Is there a common error in Chomsky’s linguistics and his politics?

(This is just a super-sketchy idea I had. I don’t have any particular confidence that there’s any error in Chomsky’s politics or in his linguistics, and my knowledge of each is limited. I have no formal education in linguistics. But I was reading something and this clicked so here it is.)

Chomsky is known in linguistics for his idea that human language acquisition is helped along by an innate “universal grammar.” It hinges on an observation about “the poverty of the stimulus” from which infant children are able to learn language. The thought is that it seems like it should be really hard to competently learn a human language based just on the incidental exposure that infant children normally have — there’s just not enough evidence for the rules and structures of a language to be learned completely from scratch. Since they couldn’t be learned completely from scratch, they must be learned with the aid of an in-born cribsheet built into the brain. Since all languages are learned from the same cribsheet, the fundamental structure of all languages is similar. Hence, universal grammar.

Chomsky basically won the debate over universal grammar, but apparently there are still critics, and recently they have been empowered by advances in computational pattern recognition. Wikipedia: “A common argument is that the brain’s mechanisms of statistical pattern recognition could solve many of the imagined difficulties.” More.

If we agreed with the critics, we could say that Chomsky has made the error of thinking that there must be sort of a preset master plan for languages, when in fact they could be constructed by bottom-up learning with the right tools.

Now compare Chomsky on the media, explaining that sports are an opiate of the masses:

Take, say, sports — that’s another crucial example of the indoctrination system, in my view. For one thing because it — you know, it offers people something to pay attention to that’s of no importance. [audience laughs] That keeps them from worrying about — [applause] keeps them from worrying about things that matter to their lives that they might have some idea of doing something about. And in fact it’s striking to see the intelligence that’s used by ordinary people in [discussions of] sports [as opposed to political and social issues]. I mean, you listen to radio stations where people call in — they have the most exotic information [more laughter] and understanding about all kind of arcane issues. And the press undoubtedly does a lot with this.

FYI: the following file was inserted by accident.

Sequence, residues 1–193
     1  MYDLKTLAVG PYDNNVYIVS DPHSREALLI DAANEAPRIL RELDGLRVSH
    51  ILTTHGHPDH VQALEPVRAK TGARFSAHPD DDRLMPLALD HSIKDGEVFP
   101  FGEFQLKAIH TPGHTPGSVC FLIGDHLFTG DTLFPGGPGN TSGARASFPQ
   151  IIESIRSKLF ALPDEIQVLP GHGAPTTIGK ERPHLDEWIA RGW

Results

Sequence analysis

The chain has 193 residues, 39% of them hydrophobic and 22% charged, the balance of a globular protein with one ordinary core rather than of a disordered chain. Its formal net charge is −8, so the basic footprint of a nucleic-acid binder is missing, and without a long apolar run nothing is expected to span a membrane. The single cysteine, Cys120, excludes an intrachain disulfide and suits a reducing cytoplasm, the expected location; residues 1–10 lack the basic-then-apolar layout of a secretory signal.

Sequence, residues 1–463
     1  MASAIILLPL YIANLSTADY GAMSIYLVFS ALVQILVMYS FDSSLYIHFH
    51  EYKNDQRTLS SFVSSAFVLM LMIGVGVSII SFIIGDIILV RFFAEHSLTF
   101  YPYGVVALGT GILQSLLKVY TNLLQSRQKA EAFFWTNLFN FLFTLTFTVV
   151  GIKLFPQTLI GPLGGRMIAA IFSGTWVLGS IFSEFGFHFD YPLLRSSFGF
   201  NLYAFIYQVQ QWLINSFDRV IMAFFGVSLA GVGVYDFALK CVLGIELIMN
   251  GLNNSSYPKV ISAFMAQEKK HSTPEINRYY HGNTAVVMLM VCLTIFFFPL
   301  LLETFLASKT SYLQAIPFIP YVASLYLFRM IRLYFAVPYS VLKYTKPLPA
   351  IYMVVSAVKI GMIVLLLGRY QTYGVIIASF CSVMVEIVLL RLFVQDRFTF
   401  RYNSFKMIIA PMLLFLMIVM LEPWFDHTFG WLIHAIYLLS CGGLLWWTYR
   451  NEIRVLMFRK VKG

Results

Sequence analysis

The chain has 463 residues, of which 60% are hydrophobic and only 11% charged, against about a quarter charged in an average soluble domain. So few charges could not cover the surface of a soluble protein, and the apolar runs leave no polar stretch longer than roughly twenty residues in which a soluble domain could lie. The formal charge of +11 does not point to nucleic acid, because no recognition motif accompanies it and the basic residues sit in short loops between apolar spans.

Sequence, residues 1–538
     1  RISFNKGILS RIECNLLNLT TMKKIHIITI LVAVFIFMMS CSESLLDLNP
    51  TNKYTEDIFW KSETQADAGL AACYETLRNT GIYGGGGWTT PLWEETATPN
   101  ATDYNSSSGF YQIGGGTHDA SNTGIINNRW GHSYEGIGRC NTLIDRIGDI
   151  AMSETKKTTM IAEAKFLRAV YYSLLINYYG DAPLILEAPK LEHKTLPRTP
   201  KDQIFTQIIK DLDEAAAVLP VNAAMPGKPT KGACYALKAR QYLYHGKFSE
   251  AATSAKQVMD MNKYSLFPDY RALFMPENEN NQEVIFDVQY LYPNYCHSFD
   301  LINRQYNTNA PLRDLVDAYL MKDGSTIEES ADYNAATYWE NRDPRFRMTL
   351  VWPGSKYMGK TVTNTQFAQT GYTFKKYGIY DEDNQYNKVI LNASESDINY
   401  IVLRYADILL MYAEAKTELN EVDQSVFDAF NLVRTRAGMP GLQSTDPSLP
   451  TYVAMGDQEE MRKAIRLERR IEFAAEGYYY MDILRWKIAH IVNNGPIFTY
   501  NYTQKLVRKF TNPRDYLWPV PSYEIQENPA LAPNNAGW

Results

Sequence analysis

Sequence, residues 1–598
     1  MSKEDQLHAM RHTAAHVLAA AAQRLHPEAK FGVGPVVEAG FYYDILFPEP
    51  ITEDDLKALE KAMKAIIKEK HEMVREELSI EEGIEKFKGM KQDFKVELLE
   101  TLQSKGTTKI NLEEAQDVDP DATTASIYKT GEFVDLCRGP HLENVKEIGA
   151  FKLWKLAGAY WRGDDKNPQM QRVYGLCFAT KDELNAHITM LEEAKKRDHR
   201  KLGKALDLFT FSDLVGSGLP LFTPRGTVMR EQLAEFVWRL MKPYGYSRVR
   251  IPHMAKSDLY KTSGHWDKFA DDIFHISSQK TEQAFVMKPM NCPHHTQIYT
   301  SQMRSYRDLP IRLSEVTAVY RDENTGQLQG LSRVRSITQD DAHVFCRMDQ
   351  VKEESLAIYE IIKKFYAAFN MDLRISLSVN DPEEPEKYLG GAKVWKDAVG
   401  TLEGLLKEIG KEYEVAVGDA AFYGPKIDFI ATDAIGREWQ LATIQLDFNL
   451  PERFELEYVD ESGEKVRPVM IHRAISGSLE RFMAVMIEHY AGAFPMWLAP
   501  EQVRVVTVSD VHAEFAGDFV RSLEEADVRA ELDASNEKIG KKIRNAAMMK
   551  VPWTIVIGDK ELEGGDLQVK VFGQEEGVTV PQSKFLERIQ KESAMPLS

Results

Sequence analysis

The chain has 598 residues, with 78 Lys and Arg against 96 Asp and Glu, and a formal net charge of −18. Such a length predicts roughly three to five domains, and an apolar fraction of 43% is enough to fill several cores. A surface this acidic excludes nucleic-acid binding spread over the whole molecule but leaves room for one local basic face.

You know, I remember in high school, already I was pretty old. I suddenly asked myself at one point, why do I care if my high school team wins the football game? [laughter] I mean, I don’t know anybody on the team, you know? [audience roars] I mean, they have nothing to do with me, I mean, why I am cheering for my team? It doesn’t mean any — it doesn’t make sense. But the point is, it does make sense: it’s a way of building up irrational attitudes of submission to authority, and group cohesion behind leadership elements — in fact, it’s training in irrational jingoism. That’s also a feature of competitive sports. I think if you look closely at these things, I think, typically, they do have functions, and that’s why energy is devoted to supporting them and creating a basis for them and advertisers are willing to pay for them and so on. (Source.)

Here and throughout the interview (see link), Chomsky is telling a story where pro-establishment features of the media seem to be an effect of a conspiracy among the powerful — corporate and government executives, etc. So something like televised sports is explained as top-down propaganda, which is intentionally cultivated in order to serve the function of inculcating pro-establishment values. The pattern of media institutions that we see is explained as the product of a propaganda plan that serves a particular purpose.

But we might think it’s just as likely that our media environment is explained by bottom-up instead of top-down forces. Entertainment providers, advertisers, etc., are all in competition blah blah to sell things people want. And so the sports leagues are just low-cost providers of feelings of band-belongingness etc. that people tend to want. No overarching plan necessary, just as for the critics of universal grammar no innate cribsheet or plan for the structure of a language is necessary.

See the connection? Maybe it’s just me. A thought, anyway.

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